All theology then, in trying to make the Gospel incarnate in a culture, runs the risk of syncretism. But we must carry on! We cannot refuse to do African theology!

The theology of ancestors.

Clearly human beings in most (if not all) cultures have an understanding that there is life beyond the grave, and even that the spirits of the dead are around us in some way. African theologians have pointed out that for Africans, the departed are usually viewed as if they are part of the community like elderly relatives: present but unseen, with power to help or to harm, and who communicate with the living through dreams, through certain gifted individuals (seers or mediums). What happens, and what should happen, when such a deeply entrenched world-view encounters the Christian Gospel? There are three main approaches:

a) Innovation

This approach, taken by radical black theologians such as Gabriel Setiloane, says that all non-African theology, including the Bible itself, comes from a foreign culture and should not be treated as authoritative. The task of African theology is to find ways of expressing a living faith in God, by looking into various sources. These sources include the Bible, but more valuable are the old pre-missionary understandings of God which the Africans had.

b) Adaptation

The Roman Catholic Church, which of course had its origins in the Christian mission to animist Europe, largely adopted a policy of accommodating the spirits of the dead, and incorporating them into the life of the church through the idea of "communion of saints". Many African theologians take this approach today. While medieval Catholicism held that "Masses for the dead" help to get the dead person into heaven, today universalism is prevalent - the belief that everyone is saved and lives their life in God, whether living or dead. So we do not have to pray for the dead because they are seen as "close to God". Rather we pray to them, as conduits of God's blessing, or even as sources of blessing.

In practical terms, on the ground, ancestor veneration by Christians can take the form of "parallel worship", in which the church members have a church funeral then openly celebrate a ritual of calling on the ancestors at home. Or, more and more, the ancestors are addressed as part of the congregation and life of the church. (This might be the understanding behind today's Requiem Masses in some African contexts). It is important to note that the power and holiness of ancestors is not perceived to derive from their being in Christ, but from connection to ancient sources of power through blood relationship within the clan. Christ is still honoured, but perhaps still seen as somewhat remote, so in effect the ancestors are seen as "mediators". This seems to be the dominant approach found in the mainline churches and also the "Zionist and "Ethiopian" type independent churches.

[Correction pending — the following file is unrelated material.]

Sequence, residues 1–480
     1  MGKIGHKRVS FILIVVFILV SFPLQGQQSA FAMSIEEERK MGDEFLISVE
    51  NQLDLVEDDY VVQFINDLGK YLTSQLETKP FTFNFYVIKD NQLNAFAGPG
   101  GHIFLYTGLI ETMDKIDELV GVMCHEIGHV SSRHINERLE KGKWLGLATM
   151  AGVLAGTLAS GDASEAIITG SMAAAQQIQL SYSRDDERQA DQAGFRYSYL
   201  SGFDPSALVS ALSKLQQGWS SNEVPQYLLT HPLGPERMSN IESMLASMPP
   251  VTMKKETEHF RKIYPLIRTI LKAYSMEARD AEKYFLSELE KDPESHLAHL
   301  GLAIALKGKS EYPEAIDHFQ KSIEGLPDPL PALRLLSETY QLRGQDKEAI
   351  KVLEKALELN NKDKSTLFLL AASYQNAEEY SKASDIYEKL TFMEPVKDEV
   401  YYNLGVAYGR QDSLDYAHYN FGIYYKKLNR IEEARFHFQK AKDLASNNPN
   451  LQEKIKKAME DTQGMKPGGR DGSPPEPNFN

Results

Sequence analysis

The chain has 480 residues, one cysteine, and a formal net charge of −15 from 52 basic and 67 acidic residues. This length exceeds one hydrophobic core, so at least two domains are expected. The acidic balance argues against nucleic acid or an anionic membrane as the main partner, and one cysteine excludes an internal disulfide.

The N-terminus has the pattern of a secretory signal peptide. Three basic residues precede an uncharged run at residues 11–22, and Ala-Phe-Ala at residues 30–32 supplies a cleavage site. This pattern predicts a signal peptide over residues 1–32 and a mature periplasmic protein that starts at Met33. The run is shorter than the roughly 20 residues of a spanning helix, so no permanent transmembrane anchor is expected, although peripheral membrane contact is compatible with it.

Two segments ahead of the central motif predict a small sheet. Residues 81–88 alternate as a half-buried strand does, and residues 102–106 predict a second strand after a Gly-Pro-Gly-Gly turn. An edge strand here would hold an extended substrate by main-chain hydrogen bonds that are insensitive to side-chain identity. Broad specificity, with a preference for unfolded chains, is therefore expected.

Key to the acceptance of this practice among Christians is the insistence by church leaders and theologians (some of whom are quoted in the Church Times article) that ancestors are not worshipped but venerated. We will return to this later in our discussion.

c) Radical discontinuity

This was the approach adopted by most Western missionaries (and for this reason is tainted by associations with colonial domination). No doubt sometimes it was taught in a crass way which appeared to Africans as if they were being told to reject their parents. As evangelical Christianity took hold on the continent (especially in West and East Africa) the message of radical rejection of elements of African culture incompatible with the Gospel was embraced and preached by African preachers independently from Western influence. So today, in South Africa, many independent Pentecostal and evangelical African churches urge people to put away everything connected with the cult of ancestors, which is seen as a deceit of Satan, something which holds people in bondage from which they need to be delivered as they trust in Christ alone.

Which approach do we take?

Jesus did not expect his disciples to suspend their critical faculties and to give an unqualified acceptance to every form of religious expression simply because it was "cultural". Instead, he taught them to evaluate everything according to the standards of God laid down in the Law and The Prophets. As disciples of Jesus today, we have the same responsibility.

The Bible, and particularly the Old Testament, is specific on the issue of the "cult of the dead". The surrounding polytheistic and animistic cultures were similar to pre-Reformation Western Europe, or to Africa today. The people of God were not to uncritically imbibe the culture, but they were to be different. The instruction was crystal clear: worship the Lord your God only, and steer clear completely of any attempts to contact spirits of the dead.